Food for thought from Ben Witherington.
Surprisingly, this has proved to be a perennial issue over my last 30 years of ministry. You’ll need a cup of coffee followed a slug of red to get through this but worth the effort…
Witherington’s argument certainly doesn’t spring from an Anglican perspective (he clearly has no time for the three fold order of ministry and even less time for the Constantinian settlement – apologies to Leslie Newbigin in this last respect). Rather, he comes from the conservative Protestant stable. This is what makes his argument all the more interesting since he takes on other conservatives on their own ground.
His argument is a bit patchy in places. His view on the particularity of some of the texts (e.g 1 Timothy 2 and Romans 6 passages), raises more questions than it solves for me and he ignores the ontological issues raised in Ephesians 5:23 even though he cites Ephesians 5:21 to support his reading of following teaching. His treatment of women deacons and elders in the pastoral epistles is also very vague and he makes no mention of Romans 16:7 which many argue suggests Junia was the first woman apostle.
Being fair, it would be interesting to read his commentary rather than this summary post. Just the same, Witherington covers a fair amount of terrain so it’s a useful read…
Dear Covenanters. This Saturday is our Renewal of Commitment retreat. James and Erin have written to you about this. Please the link to A Renewal-of-Commitment , to review the revised Covenant that has come out of our previous one day and Waiorongomai retreats.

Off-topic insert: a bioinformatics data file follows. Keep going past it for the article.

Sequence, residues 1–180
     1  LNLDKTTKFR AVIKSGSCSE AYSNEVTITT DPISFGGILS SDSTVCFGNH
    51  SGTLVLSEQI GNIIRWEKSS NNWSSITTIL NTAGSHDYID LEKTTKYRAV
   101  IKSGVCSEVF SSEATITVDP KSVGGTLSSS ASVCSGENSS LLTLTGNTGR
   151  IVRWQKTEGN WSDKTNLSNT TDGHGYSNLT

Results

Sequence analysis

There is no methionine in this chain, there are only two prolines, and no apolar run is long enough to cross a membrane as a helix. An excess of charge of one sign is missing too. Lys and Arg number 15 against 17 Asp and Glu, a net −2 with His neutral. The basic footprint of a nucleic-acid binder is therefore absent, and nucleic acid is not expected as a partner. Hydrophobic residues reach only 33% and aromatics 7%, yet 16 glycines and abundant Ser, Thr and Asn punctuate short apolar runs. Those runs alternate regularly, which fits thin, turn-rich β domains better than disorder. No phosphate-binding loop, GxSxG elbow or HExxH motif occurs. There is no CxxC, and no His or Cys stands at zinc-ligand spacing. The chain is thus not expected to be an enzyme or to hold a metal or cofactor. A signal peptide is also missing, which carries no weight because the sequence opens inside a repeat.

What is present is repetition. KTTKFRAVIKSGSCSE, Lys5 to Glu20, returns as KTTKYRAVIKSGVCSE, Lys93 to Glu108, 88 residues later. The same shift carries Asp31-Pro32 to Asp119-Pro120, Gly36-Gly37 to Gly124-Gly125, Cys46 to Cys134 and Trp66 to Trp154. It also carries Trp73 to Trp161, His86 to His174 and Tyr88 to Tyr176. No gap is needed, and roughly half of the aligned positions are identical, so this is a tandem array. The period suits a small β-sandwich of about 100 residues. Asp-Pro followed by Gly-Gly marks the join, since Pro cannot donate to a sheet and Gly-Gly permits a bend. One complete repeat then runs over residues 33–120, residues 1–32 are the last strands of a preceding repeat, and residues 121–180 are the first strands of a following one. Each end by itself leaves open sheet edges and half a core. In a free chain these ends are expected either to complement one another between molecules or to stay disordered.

See you Saturday. David
by Chris Green
A few years back, I was invited to speak at a conference. It wasn’t huge, but it was one I’d heard of, and I was enormously flattered to be asked. It was also extremely well organised, so I had over a year to get ready for my talks (the organiser liked to announce the programme for the forthcoming conference as the previous one closed).
I gave my talk, it went OK, and I settled back to enjoy the rest of the speakers. The next morning I was making conversation, and someone asked me, ’Chris, how do you find time for all that reading?’
I was about to burble something about it not being difficult to read a bit and prepare when you have over a year’s notice, when a familiar, precise, and booming voice spoke over the breakfast table:
“He doesn’t find time. He makes it.”
John Stott. Typically arresting – and typically true… Continue reading John Stott’s Secret
Our Waiorongomai Retreat is coming up fast – now only three weekends away. If you haven’t registered please do so right away as we confirm numbers this coming Monday.
Come and spend time with your fellow Covenanters at this beautiful location. We are also inviting other SMK-ers who are interested in becoming part of the renewing core of our church.
The key details are: